During the early days of the pandemic, humorist Fran Lebowitz made a shrewd point about Covid-19. “The upside of being old … is that almost everything that happens reminds you of something else,” she said in an interview. “This is the first big thing that has happened in my adult life that didn’t remind me of something else.”
Now during this winter of our discontent—when it feels as if our lives will be governed for decades by new variants with Greek letters—Lebowitz’s observation has become truer than ever. The pandemic has universally shaped the national mood and dominated our collective psyches like nothing since World War II.
In sharp contrast to everyone else doomscrolling about the pandemic, political handicappers seem determined to treat 2022 as an ordinary election year. As a result, we are awash in glib forecasts about how the inflation rate, Biden’s approval numbers, or the Democratic stalemate on Capitol Hill will determine the congressional elections. But that’s like ignoring the Depression in making political predictions about 1932. So much depends on whether we will be fighting over remote learning and mask mandates this fall. All the experts bloviating on cable TV have no idea whether the pandemic will be raging or waning as Americans vote.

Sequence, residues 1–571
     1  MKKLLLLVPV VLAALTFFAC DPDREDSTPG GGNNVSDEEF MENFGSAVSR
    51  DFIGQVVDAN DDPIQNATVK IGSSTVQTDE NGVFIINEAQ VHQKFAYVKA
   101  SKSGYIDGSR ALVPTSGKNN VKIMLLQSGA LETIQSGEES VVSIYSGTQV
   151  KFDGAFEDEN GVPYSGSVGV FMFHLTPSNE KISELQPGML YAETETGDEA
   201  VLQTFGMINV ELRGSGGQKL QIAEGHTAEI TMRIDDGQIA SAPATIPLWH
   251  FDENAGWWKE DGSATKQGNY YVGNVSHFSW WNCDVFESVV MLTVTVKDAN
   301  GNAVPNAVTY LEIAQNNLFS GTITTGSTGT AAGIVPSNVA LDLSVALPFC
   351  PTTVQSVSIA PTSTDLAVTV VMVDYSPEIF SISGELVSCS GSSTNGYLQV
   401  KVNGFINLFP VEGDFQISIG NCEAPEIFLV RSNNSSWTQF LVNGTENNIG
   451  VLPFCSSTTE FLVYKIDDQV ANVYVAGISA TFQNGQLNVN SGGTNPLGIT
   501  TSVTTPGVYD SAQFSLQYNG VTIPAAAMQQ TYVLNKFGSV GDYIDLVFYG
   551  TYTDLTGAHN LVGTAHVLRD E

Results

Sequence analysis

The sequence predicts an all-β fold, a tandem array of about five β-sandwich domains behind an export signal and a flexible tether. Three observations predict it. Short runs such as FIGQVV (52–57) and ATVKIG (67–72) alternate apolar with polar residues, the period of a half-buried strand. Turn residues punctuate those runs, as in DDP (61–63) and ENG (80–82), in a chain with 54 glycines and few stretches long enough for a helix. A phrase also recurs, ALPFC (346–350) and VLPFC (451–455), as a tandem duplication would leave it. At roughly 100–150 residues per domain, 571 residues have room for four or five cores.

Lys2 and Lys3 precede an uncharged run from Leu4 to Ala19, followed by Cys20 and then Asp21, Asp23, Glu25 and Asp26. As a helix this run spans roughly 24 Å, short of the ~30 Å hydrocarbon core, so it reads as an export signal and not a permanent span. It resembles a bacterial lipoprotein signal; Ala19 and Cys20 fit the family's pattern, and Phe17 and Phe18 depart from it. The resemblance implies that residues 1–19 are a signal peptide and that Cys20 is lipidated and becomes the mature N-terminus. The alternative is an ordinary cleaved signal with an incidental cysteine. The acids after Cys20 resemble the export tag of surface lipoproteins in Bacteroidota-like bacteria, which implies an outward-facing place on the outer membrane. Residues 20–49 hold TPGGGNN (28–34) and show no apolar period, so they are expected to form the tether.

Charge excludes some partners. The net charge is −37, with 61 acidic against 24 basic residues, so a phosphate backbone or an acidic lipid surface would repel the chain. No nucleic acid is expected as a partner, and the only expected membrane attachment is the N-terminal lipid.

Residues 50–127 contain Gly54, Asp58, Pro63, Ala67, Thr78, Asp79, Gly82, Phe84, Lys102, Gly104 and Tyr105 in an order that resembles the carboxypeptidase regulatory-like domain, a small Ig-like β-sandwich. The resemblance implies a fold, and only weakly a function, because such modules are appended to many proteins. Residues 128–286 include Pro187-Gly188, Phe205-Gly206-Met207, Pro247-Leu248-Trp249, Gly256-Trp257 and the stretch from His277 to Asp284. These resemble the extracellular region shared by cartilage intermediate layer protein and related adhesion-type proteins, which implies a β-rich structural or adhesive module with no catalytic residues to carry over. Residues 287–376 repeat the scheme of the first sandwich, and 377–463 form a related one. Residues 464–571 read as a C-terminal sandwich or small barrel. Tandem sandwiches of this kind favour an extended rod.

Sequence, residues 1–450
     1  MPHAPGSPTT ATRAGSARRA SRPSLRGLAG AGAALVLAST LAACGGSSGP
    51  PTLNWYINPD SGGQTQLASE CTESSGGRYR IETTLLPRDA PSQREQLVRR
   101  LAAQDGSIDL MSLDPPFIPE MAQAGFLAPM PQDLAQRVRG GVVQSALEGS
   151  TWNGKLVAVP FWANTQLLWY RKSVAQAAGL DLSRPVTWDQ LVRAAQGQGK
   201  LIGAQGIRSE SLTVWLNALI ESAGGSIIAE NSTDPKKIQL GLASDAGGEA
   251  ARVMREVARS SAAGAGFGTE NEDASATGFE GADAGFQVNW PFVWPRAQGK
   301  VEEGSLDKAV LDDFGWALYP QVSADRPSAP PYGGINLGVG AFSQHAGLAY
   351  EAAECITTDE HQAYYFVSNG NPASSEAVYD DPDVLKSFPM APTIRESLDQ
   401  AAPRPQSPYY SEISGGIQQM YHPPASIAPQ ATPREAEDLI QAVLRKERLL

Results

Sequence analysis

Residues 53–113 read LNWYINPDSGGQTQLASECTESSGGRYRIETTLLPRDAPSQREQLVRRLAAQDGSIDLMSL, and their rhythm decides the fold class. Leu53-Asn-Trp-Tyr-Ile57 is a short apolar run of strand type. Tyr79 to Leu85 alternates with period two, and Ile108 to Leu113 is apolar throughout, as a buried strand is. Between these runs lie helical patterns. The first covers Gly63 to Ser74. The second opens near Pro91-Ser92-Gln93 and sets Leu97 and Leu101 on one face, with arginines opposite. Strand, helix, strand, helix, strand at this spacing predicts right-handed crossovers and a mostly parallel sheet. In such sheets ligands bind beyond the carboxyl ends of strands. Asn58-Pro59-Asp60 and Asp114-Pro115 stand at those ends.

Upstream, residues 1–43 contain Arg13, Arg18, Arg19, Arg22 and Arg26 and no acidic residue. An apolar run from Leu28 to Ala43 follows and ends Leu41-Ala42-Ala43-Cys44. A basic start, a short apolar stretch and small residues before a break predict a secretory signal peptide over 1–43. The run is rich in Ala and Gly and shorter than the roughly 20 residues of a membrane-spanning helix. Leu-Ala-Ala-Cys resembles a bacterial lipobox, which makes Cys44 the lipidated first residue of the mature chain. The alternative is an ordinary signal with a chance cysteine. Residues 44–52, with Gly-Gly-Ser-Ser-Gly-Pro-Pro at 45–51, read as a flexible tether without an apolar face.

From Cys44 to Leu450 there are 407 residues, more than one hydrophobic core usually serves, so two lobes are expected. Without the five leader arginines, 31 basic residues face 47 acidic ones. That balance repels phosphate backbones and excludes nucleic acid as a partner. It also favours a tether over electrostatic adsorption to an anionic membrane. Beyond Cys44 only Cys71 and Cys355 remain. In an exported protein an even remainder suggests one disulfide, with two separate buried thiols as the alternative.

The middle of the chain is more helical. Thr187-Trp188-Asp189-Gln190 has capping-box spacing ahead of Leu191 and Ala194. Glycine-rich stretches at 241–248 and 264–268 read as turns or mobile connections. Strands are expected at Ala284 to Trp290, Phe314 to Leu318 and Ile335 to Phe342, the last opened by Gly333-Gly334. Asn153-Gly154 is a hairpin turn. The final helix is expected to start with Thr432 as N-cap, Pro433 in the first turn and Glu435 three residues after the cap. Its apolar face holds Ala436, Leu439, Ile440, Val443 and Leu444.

Lee Miringoff, the director of the Marist Poll, decried “the growing tendency to predict elections earlier and earlier, even as the reality of events hits later and later.” He believes that the national mood about Covid in late September and early October will play a major effect in determining voter behavior. “Remember,” he said, “that the pandemic affects almost everything—the economy, health care, education, employment, and family finances.”
If the pandemic becomes endemic (with each variant less severe than the last), it could boost the Democrats’ prospects in 2022 and beyond. I will confess to believing last summer that Biden would get major political credit if Americans continued to revel in “the return to mask-less, Zoom-free, hug-filled lives.” Biden, too, was swept up in this premature euphoria as he declared at the White House in early July, “The virus is on the run, and America is coming back.”
Since then, of course, it has been the Biden White House that has been on the run as the virus keeps coming back.